Jamshedpur: Former Chief Minister Arjun Munda today said that the culture and tradition of Jharkhand was keeping the state united since a long time. He said it was not possible to obliterate the identity of Jharkhand and its people.
Munda, addressing a large gathering during Tusu Mela at Gopal Maidan here on Saturday, said the Western culture was trying to overshadow the tribal culture. The people of the state should not forget their tradition and culture and foil every bid to smother their ancient culture, he said.
Prior to the beginning of cultural events lined up for the day, singer Santosh Mahato sang popular folk songs and Santhali film numbers that enthralled the gathering. The guests paid floral tributes to former MP late Sunil Mahato before inauguration of the fair.
Other dignitaries present on the occasion included Rajya Sabha MP Pradip Balmuchu, the MP of Jamshedpur Vidyut Varan Mahato, Shailendra Mahato, chief convenor Astik Mahato, Fanindra Mahato, Suman Mahato, Savita Mahato, Sadhu Charan Mahato, district BJP president Dinesh Kumar, Ajay Singh, Vinod Singh and Roreya Soren.
The participation at the annual Tusu mela organised at Gopal Maidan is growing in leaps and bounds every year. Organised by Jharkhand Ekta Manch, the footfall crossed over thousand people this year.
The former Jamshedpur MP, late Sunil Mahto, had started this mela to promote tribal culture. The annual Tusu mela turned out to be a jamboree of tribal artistes and performers not only from Jharkhand but also from neighbouring states like Odisha and Bengal. People started flocking in groups from the morning carrying their Tusu idols and the choudal. The entire fair was monitored by a drone camera.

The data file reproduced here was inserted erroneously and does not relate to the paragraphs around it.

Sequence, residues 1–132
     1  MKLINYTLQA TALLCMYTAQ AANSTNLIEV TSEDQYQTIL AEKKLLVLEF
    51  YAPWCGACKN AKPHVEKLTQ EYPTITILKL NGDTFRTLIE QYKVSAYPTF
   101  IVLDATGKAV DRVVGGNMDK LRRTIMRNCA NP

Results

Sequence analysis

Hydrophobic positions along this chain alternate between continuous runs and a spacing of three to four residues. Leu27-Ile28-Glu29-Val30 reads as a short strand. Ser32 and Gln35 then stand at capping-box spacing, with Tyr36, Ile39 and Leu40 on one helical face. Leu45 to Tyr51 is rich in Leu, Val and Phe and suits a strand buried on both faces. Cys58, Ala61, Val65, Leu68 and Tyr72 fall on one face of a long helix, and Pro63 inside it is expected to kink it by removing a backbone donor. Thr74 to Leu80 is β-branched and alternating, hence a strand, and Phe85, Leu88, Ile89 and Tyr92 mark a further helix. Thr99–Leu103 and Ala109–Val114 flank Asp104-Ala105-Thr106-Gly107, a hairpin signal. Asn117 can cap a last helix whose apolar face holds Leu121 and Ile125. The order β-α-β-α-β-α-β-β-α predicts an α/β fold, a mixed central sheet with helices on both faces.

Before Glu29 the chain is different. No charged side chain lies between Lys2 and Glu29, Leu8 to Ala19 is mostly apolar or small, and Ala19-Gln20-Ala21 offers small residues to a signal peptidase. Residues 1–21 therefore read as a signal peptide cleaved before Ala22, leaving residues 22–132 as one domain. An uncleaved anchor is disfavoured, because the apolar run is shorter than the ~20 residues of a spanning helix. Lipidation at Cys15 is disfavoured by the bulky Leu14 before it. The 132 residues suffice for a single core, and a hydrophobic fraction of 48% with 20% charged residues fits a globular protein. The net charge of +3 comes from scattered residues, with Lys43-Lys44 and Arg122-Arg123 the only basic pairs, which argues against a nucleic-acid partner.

While one side of the field was lined up with a dozen-odd giant Tusu idols, it were the towering choudals (tall tower like structures) that adorned the other side of the field. Made out of hay and bamboo sticks, the choudal is an elongated structure like a temple with figures of tribal deities on it. The two main choudals brought today were, however, 70ft and 80ft, respectively.
‘Tusu’ is similar to harvest festivals, which take place in other parts of the country, and is celebrated by preparing food from newly harvested crops. ‘Tusu’ is stated to be symbolic emblem of goddess ‘Tusu Devi’, made of cardboard and decorated with colourful paper and female dolls, some reaching a height of even ten feet. This is prepared by group of chaste unmarried teenage girls a week before the actual festival and kept at the village for everyone to admire.
People from different places came to the Tusu mela in large numbers. “Ours group comprises 40 Chhau dancers, over 30 drummers and many more performers,” said Mohan Mahto, the secretary of a group.
One of the major attractions of this group was a huge traditional drum, which needs at least six people to play it.
“Traditionally, groups of artistes and performers from rural areas visit different Tusu melas and participate in competitions for the best idol or best decorated choudals,” said Sudhir Mahto, a member of the group from Chandil.